|Ken boxing up what is left.|
In a cosmic collision of two axioms, I have found my own. “If you love something, set it free. If it comes back, it is yours.” “Practice random acts of kindness.” Crash. Bang. Boom. “Set your love free through random acts of kindness.”
I have struggled with the setting what you love free thing since I first heard that saying as a teenager. One cousin was saying it to another at a family reunion. They were older and much wiser, eighteen, maybe even twenty. That age sounds so mature when you are the geeky younger cousin, left out of the adult conversations. I was struggling with puppy dog crushes and really didn’t understand love, as all it can encompass, at the tender young age of fourteen. I greedily wanted the affections of this boy or that. I really cannot remember who I was madly in love with at the time. It was probably the bad boy who sat in the back of English class, with his feet propped up on an empty seat, his sandy blonde hair all mussed up and hanging in his eyes. Oh, how I loved what could get me into trouble back then.
Hmm. Oh, sorry. I disappeared for awhile. But enough of the bygone daydreams of a teenage girl.
I have tried in the past to practice daily random acts of kindness, doing these little niceties anonymously as much as I could. That is a very steep asking for one person, making them daily. I failed miserably, and I felt that failure deeply, even though I had helped out many people in the process. My self-imposed sense of failure was only because I tried to build randomness into my to-do list. I discovered it is called random for a reason.
Lately, I’ve come to a new sense of philanthropy, without it really feeling like I am just giving hand-outs or just looking for another tax write-off. Instead of me searching for a need to fulfill, I relax. I let my heart do the leading, and then my hands complete the task. I pray for guidance. Compassionate giving cannot be forced. It must be allowed to bloom on its own. If it is something I love or cherish or covet that I am compelled to give, all the better. Then I know it is Jesus working miracles in my heart, for the joy I experience in the giving far outweighs any happiness I could gain from the keeping.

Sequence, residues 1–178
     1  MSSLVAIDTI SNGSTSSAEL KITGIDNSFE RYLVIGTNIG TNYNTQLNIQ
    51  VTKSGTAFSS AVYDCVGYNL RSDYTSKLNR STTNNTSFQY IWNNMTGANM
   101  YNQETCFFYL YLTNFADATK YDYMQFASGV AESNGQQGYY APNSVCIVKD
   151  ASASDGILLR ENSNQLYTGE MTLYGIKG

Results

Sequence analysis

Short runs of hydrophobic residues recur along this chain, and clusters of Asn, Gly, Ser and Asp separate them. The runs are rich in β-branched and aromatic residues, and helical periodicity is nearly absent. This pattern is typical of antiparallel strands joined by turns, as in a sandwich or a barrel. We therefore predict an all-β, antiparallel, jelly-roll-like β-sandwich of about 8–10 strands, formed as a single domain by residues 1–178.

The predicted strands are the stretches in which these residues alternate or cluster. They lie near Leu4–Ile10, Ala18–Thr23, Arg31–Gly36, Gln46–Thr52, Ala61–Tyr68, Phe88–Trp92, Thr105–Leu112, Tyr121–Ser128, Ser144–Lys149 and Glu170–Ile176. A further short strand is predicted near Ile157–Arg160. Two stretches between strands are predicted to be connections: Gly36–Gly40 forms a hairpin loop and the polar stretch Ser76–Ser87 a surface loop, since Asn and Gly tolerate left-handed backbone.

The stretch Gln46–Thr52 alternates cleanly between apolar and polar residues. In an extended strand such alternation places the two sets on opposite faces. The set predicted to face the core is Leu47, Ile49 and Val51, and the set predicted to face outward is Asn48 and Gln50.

I can write a check to the Portland Rescue Mission whenever they send a request, but that, although generous and charitable, is not personal. I do write those checks, but actually serving meals or devoting my time and talents in some other way for the homeless would touch my heart even more. If I had it to give, I could bequest a million dollars to a worthy college, but it does not become real for me unless I read the winning scholarship letters myself. The joy, for me, is in the knowing, however briefly, the story of the recipients.
My acts are not so much anonymous now. That is not the important part, though I still do not need the public recognition to make me feel good about myself. In fact, recognition embarrasses me. It makes me feel uncomfortable. It cheapens what I have done, making it more of a human thing instead of the God-inspired act it really is. My recognition comes from knowing I helped an injured animal; seeing the sparkle in a little girl’s eyes; knowing that what I give is appreciated and will be put to good use; being allowed, even momentarily, into the lives, the stories, and the struggles of others, and knowing I can accomplish something good for them.
I have made a decision about our yard sale leftovers. My darling husband is letting me divide up the mess as I see fit, instead of just hauling it all away to the Salvation Army or Goodwill. Each of those two major charities has gotten its fair share today. My main mission this week is to make sure the little guy doesn’t get left out. A young man visited our yard sale a few weeks ago and made an appeal on behalf of his Haitian charity. Five large boxes of clothes, housewares, and bedding will go to his cause. I have been chatting on line with a desperately poor young woman who has recently lost a lot of weight. She hadn’t a thing to wear, until I gave her two bags of the clothing I had had for sale. The Portland Rescue Mission, one of my favorite charities, will get seven boxes of men’s clothing, coats, hats, and bedding. In this way, I spread my joy around. Ken, who will do just about anything to please me, gladly boxed the items as I directed. He really isn’t the toughie he pretends to be. My honey is a big teddy bear.
Now that the sales and donations are done for this year, maybe next I will work on world peace.